Melissa Harris-Perry weighed in on the recent controversy surrounding Daniel Tosh's rape joke on her Sunday MSNBC show.
Tosh recently apologized for aiming a rape joke at a female audience member during a performance at Los Angeles comedy club, The Laugh Factory, after reportedly telling the audience that rape jokes were always funny.
The audience member blogged about her experience, a post that was later picked up by multiple websites. Many comedians defended Tosh's joke, while others debated if he had crossed the line.
Harris-Perry said she found the discussion surrounding Tosh's joke fascinating. She said, "On the one hand, there's this feminist part of me that wants to scream 'rape is never funny.' And then there's this part of me that, you know, listens to obscene humor."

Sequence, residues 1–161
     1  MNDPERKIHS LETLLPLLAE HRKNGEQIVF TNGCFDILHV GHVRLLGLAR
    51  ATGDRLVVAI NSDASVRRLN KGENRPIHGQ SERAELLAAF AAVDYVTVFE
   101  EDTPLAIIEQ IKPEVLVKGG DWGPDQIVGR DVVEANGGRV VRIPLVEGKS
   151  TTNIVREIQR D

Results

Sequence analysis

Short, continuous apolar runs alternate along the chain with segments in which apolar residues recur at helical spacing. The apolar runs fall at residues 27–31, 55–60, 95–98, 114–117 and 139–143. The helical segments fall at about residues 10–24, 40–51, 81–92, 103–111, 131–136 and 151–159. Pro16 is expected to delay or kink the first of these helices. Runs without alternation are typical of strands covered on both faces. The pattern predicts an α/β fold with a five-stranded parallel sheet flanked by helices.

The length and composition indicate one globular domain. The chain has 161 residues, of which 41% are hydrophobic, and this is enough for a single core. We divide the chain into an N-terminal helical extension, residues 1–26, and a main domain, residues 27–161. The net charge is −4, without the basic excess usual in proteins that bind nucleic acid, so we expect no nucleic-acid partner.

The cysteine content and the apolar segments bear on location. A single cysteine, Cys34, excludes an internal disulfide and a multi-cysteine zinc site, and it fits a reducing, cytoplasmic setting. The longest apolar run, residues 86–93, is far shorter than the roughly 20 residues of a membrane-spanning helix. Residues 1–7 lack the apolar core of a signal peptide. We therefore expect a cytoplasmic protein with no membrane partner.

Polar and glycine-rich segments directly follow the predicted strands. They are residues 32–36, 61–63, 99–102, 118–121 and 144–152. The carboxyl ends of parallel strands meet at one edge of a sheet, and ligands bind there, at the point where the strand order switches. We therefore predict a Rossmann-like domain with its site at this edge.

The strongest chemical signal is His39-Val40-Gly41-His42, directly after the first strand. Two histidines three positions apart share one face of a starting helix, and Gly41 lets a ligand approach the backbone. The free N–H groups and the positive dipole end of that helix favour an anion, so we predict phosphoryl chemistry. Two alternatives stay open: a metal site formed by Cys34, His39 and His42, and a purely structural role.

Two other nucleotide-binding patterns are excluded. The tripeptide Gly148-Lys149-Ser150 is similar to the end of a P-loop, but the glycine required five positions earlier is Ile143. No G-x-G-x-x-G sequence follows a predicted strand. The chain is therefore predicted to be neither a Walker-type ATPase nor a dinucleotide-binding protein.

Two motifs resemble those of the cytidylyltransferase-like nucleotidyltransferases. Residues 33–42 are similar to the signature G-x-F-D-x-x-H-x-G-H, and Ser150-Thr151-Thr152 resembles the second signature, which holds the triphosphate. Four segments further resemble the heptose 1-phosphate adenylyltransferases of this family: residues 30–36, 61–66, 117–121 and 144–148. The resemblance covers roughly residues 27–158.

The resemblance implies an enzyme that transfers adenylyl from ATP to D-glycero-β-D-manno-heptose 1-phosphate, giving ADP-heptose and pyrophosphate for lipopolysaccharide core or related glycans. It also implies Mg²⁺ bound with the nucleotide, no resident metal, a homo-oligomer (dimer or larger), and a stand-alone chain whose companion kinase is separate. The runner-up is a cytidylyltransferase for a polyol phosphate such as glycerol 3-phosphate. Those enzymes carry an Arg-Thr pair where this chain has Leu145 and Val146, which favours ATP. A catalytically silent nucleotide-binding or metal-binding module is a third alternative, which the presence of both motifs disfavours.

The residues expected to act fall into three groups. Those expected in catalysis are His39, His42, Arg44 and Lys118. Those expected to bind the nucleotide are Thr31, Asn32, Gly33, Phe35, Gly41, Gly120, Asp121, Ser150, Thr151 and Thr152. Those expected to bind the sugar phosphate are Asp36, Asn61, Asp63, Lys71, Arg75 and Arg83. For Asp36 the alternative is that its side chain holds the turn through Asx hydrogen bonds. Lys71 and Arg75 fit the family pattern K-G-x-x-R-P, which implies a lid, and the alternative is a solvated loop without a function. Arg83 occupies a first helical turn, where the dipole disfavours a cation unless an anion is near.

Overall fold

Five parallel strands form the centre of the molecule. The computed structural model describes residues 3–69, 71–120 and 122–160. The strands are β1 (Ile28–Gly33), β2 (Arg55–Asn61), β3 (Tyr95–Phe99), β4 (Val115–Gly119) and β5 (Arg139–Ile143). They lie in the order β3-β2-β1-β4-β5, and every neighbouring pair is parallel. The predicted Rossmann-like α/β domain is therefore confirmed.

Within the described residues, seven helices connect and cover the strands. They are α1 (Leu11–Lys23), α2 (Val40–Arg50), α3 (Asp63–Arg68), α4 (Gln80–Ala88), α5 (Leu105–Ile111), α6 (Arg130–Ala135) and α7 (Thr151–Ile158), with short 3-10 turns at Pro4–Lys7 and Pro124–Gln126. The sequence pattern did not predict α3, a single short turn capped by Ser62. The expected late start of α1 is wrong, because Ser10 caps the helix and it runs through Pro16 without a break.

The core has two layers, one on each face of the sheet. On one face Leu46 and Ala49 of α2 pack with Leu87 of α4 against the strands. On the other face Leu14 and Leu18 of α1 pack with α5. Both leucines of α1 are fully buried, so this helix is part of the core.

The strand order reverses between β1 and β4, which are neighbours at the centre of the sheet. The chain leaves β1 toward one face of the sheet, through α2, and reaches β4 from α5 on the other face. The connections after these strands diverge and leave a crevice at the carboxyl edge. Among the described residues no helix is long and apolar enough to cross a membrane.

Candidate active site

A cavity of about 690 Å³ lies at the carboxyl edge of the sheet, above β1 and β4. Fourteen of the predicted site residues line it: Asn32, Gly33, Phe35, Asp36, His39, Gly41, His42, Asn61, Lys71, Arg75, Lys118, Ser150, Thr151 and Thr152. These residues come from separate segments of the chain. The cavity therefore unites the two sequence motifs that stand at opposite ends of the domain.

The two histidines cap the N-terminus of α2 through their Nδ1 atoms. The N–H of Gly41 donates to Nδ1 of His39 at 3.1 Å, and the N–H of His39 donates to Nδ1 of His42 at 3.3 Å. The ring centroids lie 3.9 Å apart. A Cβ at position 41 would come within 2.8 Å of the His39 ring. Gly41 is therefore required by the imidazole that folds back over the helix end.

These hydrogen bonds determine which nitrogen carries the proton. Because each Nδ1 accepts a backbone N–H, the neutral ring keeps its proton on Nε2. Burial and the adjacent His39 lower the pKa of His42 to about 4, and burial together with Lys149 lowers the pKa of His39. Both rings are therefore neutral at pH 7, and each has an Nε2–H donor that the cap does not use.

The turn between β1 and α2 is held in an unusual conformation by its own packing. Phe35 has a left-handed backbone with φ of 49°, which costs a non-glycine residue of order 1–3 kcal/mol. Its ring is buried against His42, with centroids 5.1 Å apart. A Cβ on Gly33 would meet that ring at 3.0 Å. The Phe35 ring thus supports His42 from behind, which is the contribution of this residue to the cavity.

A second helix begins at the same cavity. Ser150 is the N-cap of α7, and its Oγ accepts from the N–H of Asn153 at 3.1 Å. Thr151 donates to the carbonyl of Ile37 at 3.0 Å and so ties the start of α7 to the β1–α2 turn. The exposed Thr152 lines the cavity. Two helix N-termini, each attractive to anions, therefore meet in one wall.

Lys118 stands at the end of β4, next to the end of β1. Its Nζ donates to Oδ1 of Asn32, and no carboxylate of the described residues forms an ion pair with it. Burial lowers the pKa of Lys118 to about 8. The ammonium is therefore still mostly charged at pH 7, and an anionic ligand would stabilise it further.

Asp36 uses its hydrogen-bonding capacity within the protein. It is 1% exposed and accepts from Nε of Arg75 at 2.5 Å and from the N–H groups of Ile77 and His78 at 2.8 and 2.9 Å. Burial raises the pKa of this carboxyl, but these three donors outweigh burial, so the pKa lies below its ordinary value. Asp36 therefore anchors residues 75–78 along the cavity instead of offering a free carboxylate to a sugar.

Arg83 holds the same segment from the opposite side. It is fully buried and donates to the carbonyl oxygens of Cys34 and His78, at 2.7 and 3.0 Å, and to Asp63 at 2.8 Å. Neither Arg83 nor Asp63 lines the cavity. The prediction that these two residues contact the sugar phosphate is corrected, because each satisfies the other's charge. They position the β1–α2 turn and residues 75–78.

Harris-Perry's guest, Nation columnist Jessica Valenti, understood Harris-Perry's response. Valenti argued that some rape jokes were funny, but they were crafted in specific ways. "I think that we can joke about rape...we often use comedy to talk about tragedy...but I think a good joke about rape is one that is subversive, not one that's terrifying," she said. Valenti said comedians like Wanda Sykes and George Carlin struck this balance well.
She said, "What makes them good is that they point out what's awful, absurd and horrifying about rape. What they don't do is belittle it or make light of the rape itself, which is what Daniel Tosh did."
Harris-Perry continued the conversation by hosting a round table discussion with comedians. Watch Harris-Perry's conversation with Valenti above, and her round table discussion below.
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